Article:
Handling History with Sarah Dhanjal part 4
By Caroline Francis, on 12 August 2020
As part of a series looking at museum work that happens outside the public eye, we asked one of our longstanding workshop leaders about their experiences using different collections with primary school children. Sarah Dhanjal was an undergraduate and graduate student at UCL’s Institute of Archaeology and went on to a career working in engagement with many of London’s museums and collections. This blog talks about working with objects from Ancient Egypt and how she created a lesson in mummification.
The workshop I developed for UCL is for Key Stage 2 pupils, aged 8-11, and I visited many schools to run it over the course of nearly a decade. In recent years is has been delivered by an Egyptology PhD student, so there really is an expert behind the helm, something schools really want.
The Ancient Egypt session uses mummification as a focus. The topic really captures the imaginations of pupils so it is more likely than not included in school curricula. Maybe it seems a bit gory, the stuff of movies. There is an element of morbid fascination with societies seen as long dead and buried, there is something ‘other’ about it. I think it is an important point to start with though. How we frame a subject has a massive impact on whether the session will be booked or not. Popular subjects, like mummification, encourage schools to work with us and mean that we can provide academically supported content.
The previous resource we used to teach with included Ancient, Coptic and Modern Egyptian objects. The old session sought to explore themes like religion and writing across the three periods. Understanding the depth of time and the complexity of past societies interacting with each other is a challenge, especially those we tend to study individually. Making the session as simple as possible in terms of time period, place, and people was a priority.
I explored the needs of the objects both in the classroom and when travelling. One of the developments I made with the Institute of Archaeology collections manager was to ensure that the packing in the case also formed the protection for the objects in the classroom. It seems a relatively simple solution, but it had to be made specially by the conservators. Two bespoke pairs of handling trays fit together to make a box with plastazote packing inside, cut to fit two objects each. To ensure the objects were regularly monitored, given that the resources could be used by various people, they were signed for when leaving and returning to the museum.
The session was designed to centre around four objects which link to mummification: a three finger amulet, a shabti, a heart scarab and a wedjat eye. Initially I designed the session to try to address as much as possible of the content I thought a teacher would need. I trialled an activity making a physical timeline with volunteers. I tried to get the children to come up with ideas for what the objects would do to help a mummified person get to the afterlife. I realised two things:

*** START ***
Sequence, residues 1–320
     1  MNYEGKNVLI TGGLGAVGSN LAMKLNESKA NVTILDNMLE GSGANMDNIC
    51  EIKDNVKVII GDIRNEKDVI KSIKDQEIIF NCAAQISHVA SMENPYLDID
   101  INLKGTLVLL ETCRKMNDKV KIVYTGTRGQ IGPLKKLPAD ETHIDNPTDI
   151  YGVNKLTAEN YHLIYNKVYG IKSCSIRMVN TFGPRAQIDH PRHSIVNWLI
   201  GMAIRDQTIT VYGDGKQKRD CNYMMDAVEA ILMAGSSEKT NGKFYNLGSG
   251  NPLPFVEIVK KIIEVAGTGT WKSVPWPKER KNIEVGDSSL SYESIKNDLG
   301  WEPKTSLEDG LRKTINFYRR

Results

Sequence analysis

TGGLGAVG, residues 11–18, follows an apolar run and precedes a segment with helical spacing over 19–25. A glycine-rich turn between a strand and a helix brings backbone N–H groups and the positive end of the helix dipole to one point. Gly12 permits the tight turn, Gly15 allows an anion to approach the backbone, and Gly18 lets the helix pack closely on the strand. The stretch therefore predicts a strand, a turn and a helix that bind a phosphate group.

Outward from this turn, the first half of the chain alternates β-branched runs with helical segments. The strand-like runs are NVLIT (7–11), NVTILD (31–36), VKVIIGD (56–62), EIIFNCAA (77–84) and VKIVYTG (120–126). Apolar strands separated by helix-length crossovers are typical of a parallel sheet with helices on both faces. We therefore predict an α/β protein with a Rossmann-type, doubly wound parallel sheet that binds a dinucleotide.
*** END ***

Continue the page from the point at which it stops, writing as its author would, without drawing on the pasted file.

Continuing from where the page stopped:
• Teachers are teaching core content like chronology already. It is useful for them to see someone else come in and elicit that knowledge from their class, or know that there are elements they need to revisit together.
• I was also reminded that Key Stage 2 pupils don’t have a wide range of experience of materials, objects or societies. So asking them to interpret Ancient Egyptian objects without more of a framework was too challenging.
Now I don’t ignore chronology or content, it’s just taught with a lighter touch. I focus a lot more now on what the pupils can tell me, adding to their knowledge by linking with it. The introduction to the session is where this is most important, that lays out the context of the objects. So we discuss where Egypt is, what it is like, when we are talking about and what the Egyptians are famous for. You have to be prepared to be responsive to the pupils’ knowledge. I try to find out more about the subject areas I am teaching so I have interesting material to choose from. I’m also happy to say I don’t know something and offer to find out or suggest ways the class can.
I approached the object interpretation problem by giving a range of ‘jobs’ to choose from and asking the pupils to say what role the object filled and why. Justifying your interpretation is a useful skill to develop.
I don’t think I could describe an average classroom. They are all so different: the physical space; the atmosphere the teacher and the children create; the classroom dynamics when a visitor is in. I prefer to teach the class in their normal classroom with the minimum of movement of furniture so that it isn’t too different. Some classes are funny, others serious, some chatty. Teachers will often give you a steer: “they’ll push boundaries”; “they’re lively”; “they’re really lovely”. I could be strict if I need to, making it clear what I expect as a visitor. More often than not I could relax and inject some humour into the session. I do miss explaining that “scarab beetles are more interested in poo than you” (unlike the film The Mummy will have you believe)!